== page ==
I once had a VietNamese neighbor who had misheard the word "hectic" as "headache". She would say her job was "very headache", for example. I have always liked that construction and I use it at school a lot when thinks are getting too headache for me.

So my question is, have you had a similar moment where you realized you believed something that was completely askew and furthermore realized that you should have recognized this years ago?

Fairly often. The first time I recall doing this was when I was really young (like 5 or so) and was wrapping my head around the concept of money. I somehow initially concluded that using exact change was "fair", but that getting change in return was not. Later I figured it out, and I still can't recall what reasoning chain led me to that conclusion, but I do recall that at the time, it was a reasoned belief.

Another, less silly shift happened when I was 25 or so, and became much more libertarian-ish that traditional liberal. I do recall more of the pre- and post causal reasoning that went in to that, and the arguments I had with myself. It wasn't a light-switch moment, but a drift over several months of thinking and reading.

Less interesting but more light-bulbish examples include (I'm a programmer) realizing that I've been subtly misusing or not fully exploiting a given algorithm or language capability. Also, I'm considering going to law school and thus reading a lot of law to make sure I want to, and the "getting it" moment for a given legal construct tends to make you rethink your understanding of a cascading series of other legal issues, frequently taking you in surprising shifts of opinion about things.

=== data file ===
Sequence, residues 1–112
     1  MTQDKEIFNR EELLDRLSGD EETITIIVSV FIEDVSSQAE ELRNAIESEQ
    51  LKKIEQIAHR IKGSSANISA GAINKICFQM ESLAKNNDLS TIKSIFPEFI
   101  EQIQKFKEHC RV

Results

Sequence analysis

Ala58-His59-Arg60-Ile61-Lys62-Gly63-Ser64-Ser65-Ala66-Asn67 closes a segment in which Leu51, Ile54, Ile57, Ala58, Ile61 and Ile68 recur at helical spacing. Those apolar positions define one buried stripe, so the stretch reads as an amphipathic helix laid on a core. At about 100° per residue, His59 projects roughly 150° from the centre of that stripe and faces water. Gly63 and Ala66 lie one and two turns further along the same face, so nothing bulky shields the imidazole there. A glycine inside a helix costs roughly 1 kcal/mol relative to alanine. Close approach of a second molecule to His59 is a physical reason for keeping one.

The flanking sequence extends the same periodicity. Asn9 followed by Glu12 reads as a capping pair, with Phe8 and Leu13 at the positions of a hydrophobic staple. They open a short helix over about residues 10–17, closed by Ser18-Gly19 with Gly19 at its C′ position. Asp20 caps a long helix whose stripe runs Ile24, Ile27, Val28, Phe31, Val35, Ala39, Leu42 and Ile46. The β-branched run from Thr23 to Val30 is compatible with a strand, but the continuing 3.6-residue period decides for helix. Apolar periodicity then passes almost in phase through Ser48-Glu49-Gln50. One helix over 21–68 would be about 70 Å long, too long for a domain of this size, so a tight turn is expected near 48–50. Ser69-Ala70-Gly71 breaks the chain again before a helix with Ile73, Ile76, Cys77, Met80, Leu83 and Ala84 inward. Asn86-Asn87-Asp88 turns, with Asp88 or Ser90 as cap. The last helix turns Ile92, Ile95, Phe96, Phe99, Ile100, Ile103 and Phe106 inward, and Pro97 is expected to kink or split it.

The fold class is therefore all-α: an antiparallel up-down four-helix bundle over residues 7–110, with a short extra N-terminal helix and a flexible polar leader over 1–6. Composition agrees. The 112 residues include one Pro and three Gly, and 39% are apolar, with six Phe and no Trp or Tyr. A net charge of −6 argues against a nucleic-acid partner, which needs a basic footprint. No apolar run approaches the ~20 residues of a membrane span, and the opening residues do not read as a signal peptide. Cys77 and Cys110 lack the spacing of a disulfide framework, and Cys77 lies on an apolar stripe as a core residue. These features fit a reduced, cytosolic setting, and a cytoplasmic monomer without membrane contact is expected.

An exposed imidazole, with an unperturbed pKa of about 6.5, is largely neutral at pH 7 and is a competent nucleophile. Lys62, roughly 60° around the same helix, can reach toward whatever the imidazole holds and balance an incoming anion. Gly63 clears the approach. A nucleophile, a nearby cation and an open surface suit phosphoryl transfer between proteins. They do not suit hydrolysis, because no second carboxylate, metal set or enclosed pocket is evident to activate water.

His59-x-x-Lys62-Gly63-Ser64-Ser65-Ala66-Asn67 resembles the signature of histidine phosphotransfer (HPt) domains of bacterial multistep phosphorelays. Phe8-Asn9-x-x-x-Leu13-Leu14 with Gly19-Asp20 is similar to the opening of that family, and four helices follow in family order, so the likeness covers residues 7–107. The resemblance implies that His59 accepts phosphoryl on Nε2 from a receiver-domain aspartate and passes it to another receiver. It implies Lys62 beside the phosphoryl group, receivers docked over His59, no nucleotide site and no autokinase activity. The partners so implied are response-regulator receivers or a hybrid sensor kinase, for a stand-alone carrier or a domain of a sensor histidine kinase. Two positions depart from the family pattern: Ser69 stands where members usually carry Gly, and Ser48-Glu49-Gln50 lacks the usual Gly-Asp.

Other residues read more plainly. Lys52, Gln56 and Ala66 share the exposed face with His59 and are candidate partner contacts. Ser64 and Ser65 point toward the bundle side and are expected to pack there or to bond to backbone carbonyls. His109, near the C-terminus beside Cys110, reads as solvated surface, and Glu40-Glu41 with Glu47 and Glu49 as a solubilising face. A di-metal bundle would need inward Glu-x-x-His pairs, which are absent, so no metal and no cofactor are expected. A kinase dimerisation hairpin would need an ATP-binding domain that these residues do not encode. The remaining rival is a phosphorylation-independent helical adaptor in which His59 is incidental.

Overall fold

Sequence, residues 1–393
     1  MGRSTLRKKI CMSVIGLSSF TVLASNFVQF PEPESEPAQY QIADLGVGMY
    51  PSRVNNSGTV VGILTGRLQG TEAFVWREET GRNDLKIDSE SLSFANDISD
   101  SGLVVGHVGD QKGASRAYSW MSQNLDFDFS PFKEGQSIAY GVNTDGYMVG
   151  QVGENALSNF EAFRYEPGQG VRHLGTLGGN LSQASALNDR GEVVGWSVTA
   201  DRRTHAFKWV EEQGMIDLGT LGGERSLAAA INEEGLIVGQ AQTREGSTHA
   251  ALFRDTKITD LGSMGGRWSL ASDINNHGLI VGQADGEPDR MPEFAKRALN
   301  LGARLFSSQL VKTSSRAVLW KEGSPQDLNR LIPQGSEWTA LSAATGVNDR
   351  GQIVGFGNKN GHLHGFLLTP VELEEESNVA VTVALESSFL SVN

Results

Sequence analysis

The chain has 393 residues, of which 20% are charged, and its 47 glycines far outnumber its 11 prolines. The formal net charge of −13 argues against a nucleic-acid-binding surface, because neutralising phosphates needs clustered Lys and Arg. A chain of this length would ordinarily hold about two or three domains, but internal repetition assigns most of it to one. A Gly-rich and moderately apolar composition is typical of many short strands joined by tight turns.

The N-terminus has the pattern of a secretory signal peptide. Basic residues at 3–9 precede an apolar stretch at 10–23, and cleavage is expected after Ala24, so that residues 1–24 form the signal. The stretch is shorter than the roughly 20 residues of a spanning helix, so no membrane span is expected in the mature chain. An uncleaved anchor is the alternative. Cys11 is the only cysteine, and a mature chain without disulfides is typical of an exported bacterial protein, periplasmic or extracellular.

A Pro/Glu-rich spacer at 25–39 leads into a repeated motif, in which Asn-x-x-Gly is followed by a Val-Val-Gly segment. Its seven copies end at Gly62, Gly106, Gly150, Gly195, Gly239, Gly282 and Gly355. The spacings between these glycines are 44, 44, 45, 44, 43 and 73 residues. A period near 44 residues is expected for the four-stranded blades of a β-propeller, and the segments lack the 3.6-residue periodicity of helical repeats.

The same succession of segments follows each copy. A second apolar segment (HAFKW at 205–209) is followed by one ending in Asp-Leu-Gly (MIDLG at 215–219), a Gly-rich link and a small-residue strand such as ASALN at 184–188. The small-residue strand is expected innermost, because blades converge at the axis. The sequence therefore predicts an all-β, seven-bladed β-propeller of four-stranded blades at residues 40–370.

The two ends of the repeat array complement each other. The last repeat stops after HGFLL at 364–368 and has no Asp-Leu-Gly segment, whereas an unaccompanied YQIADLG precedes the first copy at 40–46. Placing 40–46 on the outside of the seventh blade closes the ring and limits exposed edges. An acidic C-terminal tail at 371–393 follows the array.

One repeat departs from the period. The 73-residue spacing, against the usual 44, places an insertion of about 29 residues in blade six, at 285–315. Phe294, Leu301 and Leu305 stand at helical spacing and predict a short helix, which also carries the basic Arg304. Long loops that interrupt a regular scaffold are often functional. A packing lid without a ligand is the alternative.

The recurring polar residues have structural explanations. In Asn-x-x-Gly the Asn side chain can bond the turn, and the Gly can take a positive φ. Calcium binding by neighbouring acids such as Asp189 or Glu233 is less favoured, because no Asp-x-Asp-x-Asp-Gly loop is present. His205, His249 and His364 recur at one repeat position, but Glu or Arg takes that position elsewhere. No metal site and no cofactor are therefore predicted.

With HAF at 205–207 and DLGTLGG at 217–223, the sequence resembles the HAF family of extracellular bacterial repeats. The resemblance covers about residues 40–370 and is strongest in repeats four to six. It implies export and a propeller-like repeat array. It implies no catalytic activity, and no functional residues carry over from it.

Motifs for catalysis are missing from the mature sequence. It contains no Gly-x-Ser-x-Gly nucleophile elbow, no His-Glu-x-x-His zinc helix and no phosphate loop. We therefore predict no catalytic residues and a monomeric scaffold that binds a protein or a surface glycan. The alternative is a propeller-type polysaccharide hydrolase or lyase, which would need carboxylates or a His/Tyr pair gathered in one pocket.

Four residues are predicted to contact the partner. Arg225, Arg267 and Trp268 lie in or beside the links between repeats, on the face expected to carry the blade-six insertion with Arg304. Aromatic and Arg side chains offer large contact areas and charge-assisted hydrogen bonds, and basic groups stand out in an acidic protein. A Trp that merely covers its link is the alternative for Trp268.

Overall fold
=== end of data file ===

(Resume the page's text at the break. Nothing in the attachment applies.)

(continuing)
I always used to think that the house I grew up in, which was n the top of what it would be charitable to call a hill, was on the north pole (since the not really hill was more like the top of a large sphere.)

My best friend, by contrast, had somehow gotten the idea that if you shaved a doll's head, the hair would grow back in a different color. It took a bunch of bald dolls before she gave this idea up.

I used to think that there were two different words both spelled "misled".

Holy Moly. Me too, soul brother! Only I pronounced it with a short i (mizz-uld). And I didn't figure it out until I was well into my twenties, when for some reason I suddenly realized that I had never ever heard anyone (not even myself) ever use the verb "to misle" in speech, or seen it used in any tense other than past. Now I wonder how many of us are out there...

I guess the weirdest mistake I had (and didn't get the right answer to until college) was my conception of the universe. I had this idea that there was a background of stars scattered at random as well as clumps of stars in galaxies as well. Wasn't until freshman year in my astronomy class that I discovered no stars in intergalactic space!

I have to be very carefull with the difference betwee hover and hoover. Which is why I frequently have ideas hoovering the back of my head :)